Comments of the
Bell Pensioners' Group
A Fine Balance
Ontario Expert Commission on Pensions
27 February 2009
The Bell Pensioners' Group requests that the Ontario Expert Commission on Pensions (OECP) incorporates the following principles and proposals into its final recommendations.
Comments of the BPG on "A Fine Balance"
These comments on the report of the Ontario Expert Commission on Pensions (the Report) are made on behalf of the Bell Pensioners Group (BPG), which represents the interests of the approximately thirty thousand pensioners of Bell Canada. Even though Bell Canada's pension plan is federally regulated, the BPG has participated in the examination conducted by the Commission because the OECP's Report will be seen as an important contribution on pension policy issues generally, and will be relevant beyond those pension plans that are subject to Ontario regulations.
As the Commission is aware, the focus of the BPG is predominantly on issues regarding Defined Benefit (DB) pension plans, and the Bell Canada pension plan is a single employer pension plan, or SEPP, to use the language of the Report. Consequently, though the Report canvasses a wide variety of pension plans, the BPG comments are made in the context of DB SEPP only.
At the outset, the BPG congratulates the OECP for the comprehensive study it has undertaken into the Ontario pension environment, and for its Report which provides many useful recommendations. For example, the Report proposes that the regulator proactively monitor the performance of the pension industry under its purview, and step in where maintenance of the pension promise is in question. Other recommendations support measures, such as legal action and administrative fines, in the case of non-compliance by sponsors and administrators. Though those latter measures may be of some use to encourage compliance, and for this reason the BPG supports them, the BPG nevertheless stresses the importance of regulatory oversight and action on an ongoing basis. Once a plan is in trouble, and especially if it coincides with a sponsor being in financial trouble, no number of fines or legal sanctions imposed on the sponsor is going to help its pensioners. Rather, at that stage they are likely just to make a bad situation worse. It is critically important to pensioners that the regulator understands that its job is not simply to require sponsors to file information with it, but rather to study that information carefully, plan by plan, and to take action immediately when that information indicates that the promise made to some pensioners may be in jeopardy. The BPG believes that the Report reflects this priority, and would like to take this opportunity to encourage this same priority with pension policy makers.
Another positive feature of the Report is that it correctly describes the important role that the ready availability to members of information on plan performance, funding policy, and governance policy can play in maintaining the integrity of the pension promise.
The comments below focus on points of disagreement with the Report, and are offered as suggestions to improve what is already a valuable contribution to pension policy development and pension regulation in Ontario, and in Canada generally.
An underlying theme of the Report is troubling. The Report presents the objective of maintaining the security of existing pension plans as being in conflict, at least in part, with an objective of encouraging new DB plans. The Report cites a need for "balancing" the interests of sponsors with the interests of plan members, and balancing the interests of active and retired members with the interests of "future" members. Indeed, it calls for a purpose clause to be enshrined in legislation that would enjoin regulatory bodies to balance the objective of protecting pension plans with the objective of encouraging new ones. The Report is clear that the Commission has concluded that public policy may have to limit measures that could strengthen the security that retired plan members, for instance, may expect in the hope that potential sponsors might be enticed to make DB plans available on a wider basis.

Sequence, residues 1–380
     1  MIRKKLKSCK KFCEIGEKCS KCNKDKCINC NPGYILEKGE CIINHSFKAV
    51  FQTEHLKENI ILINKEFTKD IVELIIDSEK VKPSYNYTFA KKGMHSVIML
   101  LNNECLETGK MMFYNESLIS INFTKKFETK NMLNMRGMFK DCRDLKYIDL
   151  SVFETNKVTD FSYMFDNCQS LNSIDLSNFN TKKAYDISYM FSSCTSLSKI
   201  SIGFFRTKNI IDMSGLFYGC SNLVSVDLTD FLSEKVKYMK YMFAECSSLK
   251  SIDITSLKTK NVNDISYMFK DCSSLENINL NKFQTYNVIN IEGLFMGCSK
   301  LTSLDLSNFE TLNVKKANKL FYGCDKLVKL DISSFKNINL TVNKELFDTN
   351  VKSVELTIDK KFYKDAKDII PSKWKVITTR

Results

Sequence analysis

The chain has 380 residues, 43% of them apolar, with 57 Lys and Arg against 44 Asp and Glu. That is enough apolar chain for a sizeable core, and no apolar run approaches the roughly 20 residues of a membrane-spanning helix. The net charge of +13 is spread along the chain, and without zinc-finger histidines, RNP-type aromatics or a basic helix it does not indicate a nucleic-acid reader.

The BPG disagrees with this approach. Assuming that there is a conflict between these two objectives is unnecessary, and may lead to damaging the integrity of the pension promise already made to the most vulnerable stakeholders. First, it is not obvious that any of the Recommendations found in the Report, other than the one proposing a purpose clause, are a product of the supposed conflict between the two objectives. Second, if regulations are made less rigorous in the belief that relaxed rules may be seen in a more favourable light by potential sponsors, those regulations can only be less effective in protecting the pension promise. Consequently, achievement of the first objective could be endangered by pursuit of the second. To say the least, it would be unfortunate if the risk in achieving the pension promise is increased by regulations which should, instead, be directed at mitigating that risk.
The notion of balancing the two policy objectives raises the possibility that regulation may be allowed to risk somewhat the pension promise already made to existing plan members in the hope that other promises might be extended to other employees. A trade-off between retired members, on the one hand, and sponsors or non-plan employees on the other, is not a trade-off of interests among equals. This inequality is made clear by the observation that sponsors can always adjust their business plans, and active employees can always take steps to improve their pension plans or other compensation going forward, but retired members can never relive their years of employment. This simple fact shows that retirees are the most vulnerable of the groups whose interests the Report would "balance". Regulations that assume retirees are on the same footing with sponsors, active members or future members are premised on a falsehood and may well damage the most vulnerable of these stakeholders. Consequently, they should be avoided.
Pension plans are voluntarily offered and reflect the sponsor's perception of what is required in the labour market. This perception may, of course, be influenced in part by negotiation with unions or other employee groups. The appropriate time to strike a balance between the sponsor's interests and the plan members' interests is when the pension promise is being struck.
Had the Report included as one of its underlying principles that pensions should be viewed as fullfillment of the promise that exchanges pension payments for labour, then any potential lessening of the integrity of a pension plan would be seen to be no more legitimate than would be a retroactive reduction to the salary paid to an employee for work already completed. And the call for "balance" as contemplated in the Report would be seen to be no more appropriate than would be a call for retroactive salary reductions to existing employees so that new employees might be hired, or so that the sponsor's profits might be improved.